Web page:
Boris Johnson’s pledge to recruit 50,000 more nurses questioned as numbers from EU continue to fall

A view of the Royal Free Hospital teaching hospital in the Hampstead area of the London Borough of C

A view of the Royal Free Hospital teaching hospital in the Hampstead area of the London Borough of Camden. The hospital is part of the Royal Free London NHS Foundation Trust. Picture: Jonathan Brady/PA Wire - Credit: PA

Boris Johnson's pledge to recruit 50,000 more nurses to the NHS has been questioned after the numbers from the EU fell again.

The pledge was a key election promise, and one Johnson continues to claim is a commitment of the government.

But data from the Nursing and Midwifery Council shows the number of nurses and midwives coming from the European Economic Area (EEA) that are eligible to work in the UK continues to fall, and has done consecutively for three years.

The total is now 31,385 - down from 38,024 in 2016-17, and a 5% drop based on figures from last year.

Just 913 people from the EEA joined the register last year, with a slowdown in numbers arriving from Romania, Spain, Italy, Portugal and Ireland.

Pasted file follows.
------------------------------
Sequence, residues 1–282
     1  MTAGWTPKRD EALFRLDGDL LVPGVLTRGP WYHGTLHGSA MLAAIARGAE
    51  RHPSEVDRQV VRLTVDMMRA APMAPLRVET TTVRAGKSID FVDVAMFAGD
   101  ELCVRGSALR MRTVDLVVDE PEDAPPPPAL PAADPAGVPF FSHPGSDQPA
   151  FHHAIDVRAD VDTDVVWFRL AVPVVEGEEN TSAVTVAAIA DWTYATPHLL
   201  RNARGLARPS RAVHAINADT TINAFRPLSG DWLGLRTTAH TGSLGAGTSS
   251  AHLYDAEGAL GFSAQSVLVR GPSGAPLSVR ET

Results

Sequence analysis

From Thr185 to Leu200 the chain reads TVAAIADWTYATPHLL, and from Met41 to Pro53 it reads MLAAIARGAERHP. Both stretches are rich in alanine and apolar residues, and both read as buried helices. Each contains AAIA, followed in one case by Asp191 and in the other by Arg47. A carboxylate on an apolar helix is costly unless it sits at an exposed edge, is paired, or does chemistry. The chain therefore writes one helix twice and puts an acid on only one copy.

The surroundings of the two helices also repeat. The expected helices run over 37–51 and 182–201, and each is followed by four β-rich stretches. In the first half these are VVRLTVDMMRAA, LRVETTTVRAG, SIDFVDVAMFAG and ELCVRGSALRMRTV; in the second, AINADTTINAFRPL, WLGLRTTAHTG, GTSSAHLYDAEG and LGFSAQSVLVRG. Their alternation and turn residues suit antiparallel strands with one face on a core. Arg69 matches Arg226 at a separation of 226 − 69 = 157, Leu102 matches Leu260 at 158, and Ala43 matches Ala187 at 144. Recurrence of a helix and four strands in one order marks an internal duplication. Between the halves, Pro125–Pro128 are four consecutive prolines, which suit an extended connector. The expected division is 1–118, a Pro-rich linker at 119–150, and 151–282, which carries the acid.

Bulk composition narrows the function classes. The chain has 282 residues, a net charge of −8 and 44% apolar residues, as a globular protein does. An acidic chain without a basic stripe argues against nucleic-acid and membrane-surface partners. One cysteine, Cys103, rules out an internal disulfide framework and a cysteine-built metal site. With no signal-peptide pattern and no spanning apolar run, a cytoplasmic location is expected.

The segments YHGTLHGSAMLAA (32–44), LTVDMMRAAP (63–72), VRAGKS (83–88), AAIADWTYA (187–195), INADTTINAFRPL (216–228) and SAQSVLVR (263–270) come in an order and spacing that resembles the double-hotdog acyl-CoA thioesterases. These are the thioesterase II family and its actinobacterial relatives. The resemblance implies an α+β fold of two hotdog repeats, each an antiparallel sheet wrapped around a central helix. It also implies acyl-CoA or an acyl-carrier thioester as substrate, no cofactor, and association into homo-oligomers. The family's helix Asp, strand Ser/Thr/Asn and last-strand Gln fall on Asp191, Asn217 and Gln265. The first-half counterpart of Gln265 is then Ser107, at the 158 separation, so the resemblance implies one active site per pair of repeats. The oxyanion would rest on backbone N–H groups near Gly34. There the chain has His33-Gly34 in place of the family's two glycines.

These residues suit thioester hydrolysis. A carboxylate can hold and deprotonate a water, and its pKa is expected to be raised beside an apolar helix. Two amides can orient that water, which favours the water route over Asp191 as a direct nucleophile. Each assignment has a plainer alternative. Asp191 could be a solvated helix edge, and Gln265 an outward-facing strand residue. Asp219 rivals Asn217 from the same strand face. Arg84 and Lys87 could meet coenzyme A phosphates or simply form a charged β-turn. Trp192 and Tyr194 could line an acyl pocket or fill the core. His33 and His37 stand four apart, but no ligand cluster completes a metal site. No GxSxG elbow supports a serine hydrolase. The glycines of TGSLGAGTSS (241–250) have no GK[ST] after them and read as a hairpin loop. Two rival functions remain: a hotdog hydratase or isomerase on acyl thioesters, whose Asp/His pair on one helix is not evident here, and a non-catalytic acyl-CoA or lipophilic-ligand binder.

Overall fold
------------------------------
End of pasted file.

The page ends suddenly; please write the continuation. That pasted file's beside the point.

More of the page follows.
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But there has been a jump in numbers of nurses and midwives coming from outside Europe, with growth from the Philippines and India.

The number on the register now stands at 716,607 - jumping by 18,370 in the last year - the single biggest increase in the total.

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Andrea Sutcliffe, the NMC's chief executive, said: 'While the increased figures from the UK and overseas are very welcome for everyone working in and using health and care services, there are potential stormy waters ahead.

'As a result of the pandemic and subsequent travel restrictions, we may no longer be able to rely on the flow of professionals joining our register from overseas in the same way. Going forwards, the significant growth we've seen recently may not be sustained.'

Danny Mortimer, chief executive of NHS Employers, welcomed the overall figures, but warned 'these numbers are a drop in the ocean compared to what the NHS needs in the longer term, as the government recognised when it committed to recruit 50,000 more nurses by the next election'.

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